NEW YORK (Reuters): Negotiations over television broadcast rights for the Women’s World Cup that nearly led to the tournament being blacked out in key countries, gave way to record viewership in the end, as soccer powerhouses Spain and England clashed in a finale that capped a tournament of thrills.
The final between England and Spain attracted a peak audience of 12 million viewers on BBC One, beating the men’s Wimbledon final in July that peaked at 11.3 million.
In Spain, 8.8 million people tuned in to watch at least some of the match on TV, according to audience measurement firm Barlovento, as their team beat England’s Lionesses 1-0 in Australia on Sunday.
Had tense pre-tournament negotiations between the sport’s global governing body, FIFA, and broadcasters failed to come to fruition, the two countries that reached the final could have been among those blacked out during the biggest edition of the tournament.
The broadcast rights for the tournament were sold separately from the men’s edition for the first time this year, and FIFA President Gianni Infantino had threatened a blackout of Europe’s ‘Big 5’ nations – Britain, Spain, Italy, Germany and France – unless initial “unacceptable” bids were improved.
In June, FIFA extended its agreement with the European Broadcasting Union (EBU), ending the threat.
“I think we had to arm-wrestle some people to take the TV deals. Well, I hope they’re saying ‘Thank you!'” said Jill Ellis, the coach behind the United States’ 2015 and 2019 Cup winning campaigns. Japan also narrowly avoided a blackout after initially failing to strike a deal with FIFA.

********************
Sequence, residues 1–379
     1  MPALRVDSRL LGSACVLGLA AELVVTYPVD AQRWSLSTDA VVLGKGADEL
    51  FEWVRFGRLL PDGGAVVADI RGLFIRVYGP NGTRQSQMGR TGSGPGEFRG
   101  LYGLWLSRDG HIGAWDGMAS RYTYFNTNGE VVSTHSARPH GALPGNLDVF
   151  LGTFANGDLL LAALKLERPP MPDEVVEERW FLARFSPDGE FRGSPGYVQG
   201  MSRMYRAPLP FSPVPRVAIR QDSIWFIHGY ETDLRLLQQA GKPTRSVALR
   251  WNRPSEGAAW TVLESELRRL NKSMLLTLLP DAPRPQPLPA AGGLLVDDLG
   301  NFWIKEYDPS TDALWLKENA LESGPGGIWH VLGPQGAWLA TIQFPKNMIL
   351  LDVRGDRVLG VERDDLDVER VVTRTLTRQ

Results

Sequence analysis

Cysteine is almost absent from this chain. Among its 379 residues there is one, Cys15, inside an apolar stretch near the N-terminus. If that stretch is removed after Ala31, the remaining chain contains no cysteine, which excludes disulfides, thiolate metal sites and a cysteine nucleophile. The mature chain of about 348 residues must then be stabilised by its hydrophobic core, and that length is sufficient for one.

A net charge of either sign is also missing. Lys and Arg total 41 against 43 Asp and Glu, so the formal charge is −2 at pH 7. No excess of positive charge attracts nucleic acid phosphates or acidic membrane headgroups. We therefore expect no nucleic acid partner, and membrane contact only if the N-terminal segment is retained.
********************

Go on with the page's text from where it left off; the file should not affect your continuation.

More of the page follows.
Thomas Heenan, a lecturer for sports and Australian studies in the Monash Intercultural Lab, said the “unbundling” strategy was sound, but perhaps came at the wrong time with the tournament staged on the other side of the world from major markets in Europe and North America.
“Women’s football, you know, has to at some point stand alone. And this may have been the wrong time to do so,” he said. “But I think that the market is there and this World Cup actually shows it.”
Co-hosts Australia made good use of the timing with an average audience of 7.13 million viewers – and a peak of 11.15 million – for Australia’s semi-final against England. That was the highest rated television program in Australia recorded by research firm OzTAM since it began tracking in 2001.
“There’s a growth in interest in women’s sport and it’s right across the board,” Heenan said.
There were early signs that the tournament was on the right track, when the United States opener against Vietnam brought in an average 5.3 million viewers in prime time, according to U.S. broadcaster Fox (FOXA.O), nearly double the number that tuned in for the U.S. opener that aired mid-day in 2019.
Days later, the U.S. 1-1 draw against the Netherlands netted an average of 6.43 million viewers – peaking at around 8.5 million, according to Fox.
Brazil’s opener against Panama reached more than 11.47 million viewers on Brazilian network TV Globo, according to the Brazilian Institute of Public Opinion and Statistics.
Former U.S. coach Ellis had a front row seat for soccer’s transformation in the world’s largest sports market, where the beautiful game has long trailed the “big four” men’s professional leagues.
Asked what improvements she hoped to see in four years’ time, Ellis, now president of San Diego Wave FC of the National Women’s Soccer League (NWSL), said “better TV deals, better media deals, bigger coverage.”
“I hope that people will not have to be coerced into paying for TV rights for the Women’s World Cup,” said Ellis, “or any other women’s sporting event for that matter.”